Watching pre-code Hollywood films sort of requires one to adjust expectations a bit, at least if you, like me, have seen actual porn from the time period. (Don’t go jumping to conclusions: I didn’t actually hunt it down. I was sent a screener for the recently-assembled compilation The Good Old Naughty Days a while back, and the boner I got watching gentlemen who look like they just stepped onto the Titanic sink their masts into brothel mistresses was purely academic.) While they’re randy to a certain extent, they’re not exactly ribald. And, as a quartet of early sex-comedy musicals from director Ernst Lubitsch only proves, the sexual politics of the era are still fairly tough pricks for modern audiences to swallow, whatever their reputations for cinematic invention and genre foundation.
Take 1929’s The Love Parade, a massive hit that was nominated for a bushel of Academy Awards, in which a seeming paradigm of total and complete modernity sets the scene. Sylvania is that rarest of rarities: a nation without a single care in the world, reveling in prosperity and contentment, and it’s all fostered into political reality by the willpower of its benevolent dictatress Queen Louise (Jeanette MacDonald). The only thing raining on her people’s parade is her lack of a husband, and not for her lack of salable qualities, as she makes perfectly clear when she hikes up her skirt to show her cabinet the only thing more magnificent than her right gam—namely, her left one.
No, her marital problems can be blamed entirely on the fact that the law of the land decrees that no man who enters her queenly chambers can be allowed to stand equal with her in terms of the big O: office. So when Maurice Chevalier’s cad of an ambassador tries to escape punishment for spreading his benevolence to women all across Europe by reaching a vagina détente with Queen Louise, little does he realize that there’s a fate worse than imprisonment, and that’s being the bitch in the relationship. If I’m making this all sound intensely salacious or at least moderately impudent, it’s only because I mean to express that the film’s musty take on sexual roles is as likely to open modern eyes as a glimpse at MacDonald’s monarchal thighs. (Well, truthfully, the acrobatic footwork of hoofer Lupino Lane as Chevalier’s manservant—including moves that might shame even Donald O’Conner’s gravity-defying “Make ‘Em Laugh” in Singin’ in the Rain—is the movie’s biggest coup.)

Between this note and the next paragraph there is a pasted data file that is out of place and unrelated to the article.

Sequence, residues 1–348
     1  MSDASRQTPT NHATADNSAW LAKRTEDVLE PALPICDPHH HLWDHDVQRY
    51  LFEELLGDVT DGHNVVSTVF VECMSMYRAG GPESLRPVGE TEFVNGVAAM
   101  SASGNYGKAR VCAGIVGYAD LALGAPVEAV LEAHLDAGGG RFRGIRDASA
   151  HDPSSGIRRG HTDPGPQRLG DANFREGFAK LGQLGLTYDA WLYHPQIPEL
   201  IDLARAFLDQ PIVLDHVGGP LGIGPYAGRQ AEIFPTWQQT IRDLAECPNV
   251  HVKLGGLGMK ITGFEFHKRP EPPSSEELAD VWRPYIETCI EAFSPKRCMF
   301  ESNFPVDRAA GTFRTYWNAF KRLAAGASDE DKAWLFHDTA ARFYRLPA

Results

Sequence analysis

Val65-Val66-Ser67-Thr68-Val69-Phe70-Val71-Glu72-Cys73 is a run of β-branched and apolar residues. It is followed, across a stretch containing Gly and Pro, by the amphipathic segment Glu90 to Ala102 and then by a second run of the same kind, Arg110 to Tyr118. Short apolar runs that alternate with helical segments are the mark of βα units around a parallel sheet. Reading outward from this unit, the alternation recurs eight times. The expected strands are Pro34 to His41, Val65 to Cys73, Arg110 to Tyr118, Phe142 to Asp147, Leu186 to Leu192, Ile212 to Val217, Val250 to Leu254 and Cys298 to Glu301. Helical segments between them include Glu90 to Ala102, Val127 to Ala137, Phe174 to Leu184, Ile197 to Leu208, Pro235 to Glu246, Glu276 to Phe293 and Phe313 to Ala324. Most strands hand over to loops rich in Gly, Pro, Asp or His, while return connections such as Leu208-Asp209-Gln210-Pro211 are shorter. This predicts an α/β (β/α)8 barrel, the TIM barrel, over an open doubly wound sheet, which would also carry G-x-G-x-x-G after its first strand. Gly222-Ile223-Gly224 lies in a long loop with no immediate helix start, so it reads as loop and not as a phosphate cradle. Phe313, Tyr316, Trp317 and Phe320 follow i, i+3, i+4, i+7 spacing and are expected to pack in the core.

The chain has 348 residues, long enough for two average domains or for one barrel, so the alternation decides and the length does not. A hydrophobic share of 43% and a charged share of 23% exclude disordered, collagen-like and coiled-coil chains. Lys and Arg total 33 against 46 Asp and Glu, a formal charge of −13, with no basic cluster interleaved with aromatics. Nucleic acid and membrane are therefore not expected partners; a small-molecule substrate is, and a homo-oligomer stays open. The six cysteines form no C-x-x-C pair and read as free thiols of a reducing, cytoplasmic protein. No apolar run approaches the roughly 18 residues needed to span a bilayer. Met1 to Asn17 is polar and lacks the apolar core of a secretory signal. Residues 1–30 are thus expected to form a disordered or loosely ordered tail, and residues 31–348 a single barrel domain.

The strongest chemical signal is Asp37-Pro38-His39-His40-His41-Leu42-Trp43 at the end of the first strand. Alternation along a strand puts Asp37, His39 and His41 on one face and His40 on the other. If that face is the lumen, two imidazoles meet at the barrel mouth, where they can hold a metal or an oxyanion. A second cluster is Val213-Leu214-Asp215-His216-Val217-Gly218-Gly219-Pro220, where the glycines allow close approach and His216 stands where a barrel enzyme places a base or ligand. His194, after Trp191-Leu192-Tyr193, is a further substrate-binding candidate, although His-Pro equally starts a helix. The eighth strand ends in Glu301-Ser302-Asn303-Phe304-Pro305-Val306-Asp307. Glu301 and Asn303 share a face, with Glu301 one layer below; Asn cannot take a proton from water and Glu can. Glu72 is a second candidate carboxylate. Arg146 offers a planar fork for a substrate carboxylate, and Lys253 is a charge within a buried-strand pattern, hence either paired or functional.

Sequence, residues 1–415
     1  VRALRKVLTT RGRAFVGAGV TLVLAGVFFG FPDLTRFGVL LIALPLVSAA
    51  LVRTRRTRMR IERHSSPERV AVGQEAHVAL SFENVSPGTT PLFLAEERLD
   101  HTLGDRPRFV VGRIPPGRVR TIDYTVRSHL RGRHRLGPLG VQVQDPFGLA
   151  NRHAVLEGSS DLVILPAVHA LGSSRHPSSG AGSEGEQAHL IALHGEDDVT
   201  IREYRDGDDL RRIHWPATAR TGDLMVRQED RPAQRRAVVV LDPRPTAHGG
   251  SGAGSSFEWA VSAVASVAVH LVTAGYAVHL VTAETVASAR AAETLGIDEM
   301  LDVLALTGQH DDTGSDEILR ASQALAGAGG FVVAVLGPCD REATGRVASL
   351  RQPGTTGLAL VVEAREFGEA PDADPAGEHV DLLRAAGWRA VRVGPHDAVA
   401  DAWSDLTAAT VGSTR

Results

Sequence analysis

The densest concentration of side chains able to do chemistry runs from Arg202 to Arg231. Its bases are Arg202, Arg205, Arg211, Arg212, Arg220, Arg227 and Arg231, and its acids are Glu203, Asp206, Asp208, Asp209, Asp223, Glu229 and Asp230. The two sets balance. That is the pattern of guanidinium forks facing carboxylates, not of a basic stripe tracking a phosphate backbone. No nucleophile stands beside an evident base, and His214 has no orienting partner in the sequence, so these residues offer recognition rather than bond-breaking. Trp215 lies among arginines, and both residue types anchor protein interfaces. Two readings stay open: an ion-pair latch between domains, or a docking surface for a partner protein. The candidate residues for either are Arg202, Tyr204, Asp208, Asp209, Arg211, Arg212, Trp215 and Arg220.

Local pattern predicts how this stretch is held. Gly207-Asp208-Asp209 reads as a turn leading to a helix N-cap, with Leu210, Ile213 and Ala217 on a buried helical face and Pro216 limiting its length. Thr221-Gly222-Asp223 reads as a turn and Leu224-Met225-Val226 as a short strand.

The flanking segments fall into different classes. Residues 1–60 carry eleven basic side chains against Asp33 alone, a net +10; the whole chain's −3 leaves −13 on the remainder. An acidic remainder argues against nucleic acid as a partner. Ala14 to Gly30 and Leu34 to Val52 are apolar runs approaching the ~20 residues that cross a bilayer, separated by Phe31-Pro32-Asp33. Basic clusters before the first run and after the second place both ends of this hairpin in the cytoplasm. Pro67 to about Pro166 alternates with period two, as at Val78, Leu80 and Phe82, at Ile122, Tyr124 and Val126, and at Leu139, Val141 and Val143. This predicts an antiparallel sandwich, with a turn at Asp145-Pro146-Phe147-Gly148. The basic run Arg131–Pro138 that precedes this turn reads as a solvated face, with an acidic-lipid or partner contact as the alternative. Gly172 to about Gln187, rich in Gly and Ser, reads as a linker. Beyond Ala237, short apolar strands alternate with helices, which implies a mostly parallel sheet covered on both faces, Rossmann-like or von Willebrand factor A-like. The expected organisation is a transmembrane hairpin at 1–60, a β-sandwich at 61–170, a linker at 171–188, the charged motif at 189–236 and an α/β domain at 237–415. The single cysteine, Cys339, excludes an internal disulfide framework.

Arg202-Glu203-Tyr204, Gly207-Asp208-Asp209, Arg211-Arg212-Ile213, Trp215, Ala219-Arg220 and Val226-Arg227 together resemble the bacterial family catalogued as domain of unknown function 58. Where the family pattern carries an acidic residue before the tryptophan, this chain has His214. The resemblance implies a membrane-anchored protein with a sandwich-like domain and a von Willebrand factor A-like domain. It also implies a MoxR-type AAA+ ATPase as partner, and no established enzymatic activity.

Ditto the scenarios of the rest of the early Lubitsch musicals collected in Eclipse’s newest box set. Monte Carlo, from 1930, is maybe the most solidly cinematic of the bunch (at least in its staging of the musical numbers), and it finds MacDonald running away from her third attempt at marrying the simp Duke Otto von Liebenheim (a magnificently chinless Claude Allister), only to fall in love with a count disguised as a hairdresser (Jack Buchanan). She’s superstitious, you see, and thinks he might bring her the sort of financial freedom—by way of the roulette table—she needs to escape having to resort to marrying Otto. He does, but as she nearly finds out too late, she can only get her mitts on it not by rubbing his limp wrists as a good luck charm, but by supplicating to his title, history, and wealth.
Released a year later, The Smiling Lieutenant finds women bonding while teaching each other the art of landing a man, but 1932’s One Hour With You (which features one of the best pre-code titles) is a little more brazen, though it still pales in comparison to the climactic image of Rouben Mamoulian’s concurrent Chevalier-MacDonald vehicle Love Me Tonight, in which the power of the female proves enough to stop a speeding locomotive. Of course, it could be said that while Lubitsch’s parallel musicals don’t brazenly straddle the line of fantasy and outright revolution that Love Me Tonight does, they come a lot closer to suggesting the status of contemporary sexual congress. So, while Love Me Tonight begins with a number that coaxes music out of everyday sounds, it’s Lubitsch’s more confused, less optimistic musical comedies that represent the fusion of music and realism.
I know the standards of excellence for Eclipse are a tad lower than those for discs released under the Criterion banner, so I was mostly surprised that these movies (which, if they were humans, would probably be dead by this point) were generally acceptable. Sound is an understandably flat pillow through which even MacDonald's piercing vibrato can't pierce, but the aspect ratios are correct to the point that they're actually narrower than standard TV sets, because of how the earliest soundtracks were attached to film at the time. I noticed that some scenes looked a tad rough around the edges, reel changes are almost always jarring, and a few shots of MacDonald lounging in Monte Carlo's early train sequence look as though they were taken from an alternate video source. But Eclipse is all about getting work out in volume at the expense of restoration, so you can't say you weren't warned.
Nothing, again in line with Eclipse's mission statement. They do, at least, provide a nice set of brief liner notes inside each disc's case.
I'm not going to lie: With these movies I expected the Lubitsch touch to at least cop a feel.